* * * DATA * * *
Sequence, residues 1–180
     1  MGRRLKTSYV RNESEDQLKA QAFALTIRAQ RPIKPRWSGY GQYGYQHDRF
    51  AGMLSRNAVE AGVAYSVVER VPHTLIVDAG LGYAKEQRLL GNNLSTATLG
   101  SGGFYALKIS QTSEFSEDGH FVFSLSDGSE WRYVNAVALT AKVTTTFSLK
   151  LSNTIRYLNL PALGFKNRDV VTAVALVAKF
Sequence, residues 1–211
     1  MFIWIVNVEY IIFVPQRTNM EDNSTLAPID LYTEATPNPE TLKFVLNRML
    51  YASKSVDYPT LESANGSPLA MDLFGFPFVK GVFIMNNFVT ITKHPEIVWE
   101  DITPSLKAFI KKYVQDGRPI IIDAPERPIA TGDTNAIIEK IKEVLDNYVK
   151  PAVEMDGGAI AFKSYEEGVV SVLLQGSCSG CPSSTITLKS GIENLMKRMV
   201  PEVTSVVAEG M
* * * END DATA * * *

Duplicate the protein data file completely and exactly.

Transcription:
Sequence, residues 1–180
     1  MGRRLKTSYV RNESEDQLKA QAFALTIRAQ RPIKPRWSGY GQYGYQHDRF
    51  AGMLSRNAVE AGVAYSVVER VPHTLIVDAG LGYAKEQRLL GNNLSTATLG
   101  SGGFYALKIS QTSEFSEDGH FVFSLSDGSE WRYVNAVALT AKVTTTFSLK
   151  LSNTIRYLNL PALGFKNRDV VTAVALVAKF
Sequence, residues 1–211
     1  MFIWIVNVEY IIFVPQRTNM EDNSTLAPID LYTEATPNPE TLKFVLNRML
    51  YASKSVDYPT LESANGSPLA MDLFGFPFVK GVFIMNNFVT ITKHPEIVWE
   101  DITPSLKAFI KKYVQDGRPI IIDAPERPIA TGDTNAIIEK IKEVLDNYVK
   151  PAVEMDGGAI AFKSYEEGVV SVLLQGSCSG CPSSTITLKS GIENLMKRMV
   201  PEVTSVVAEG M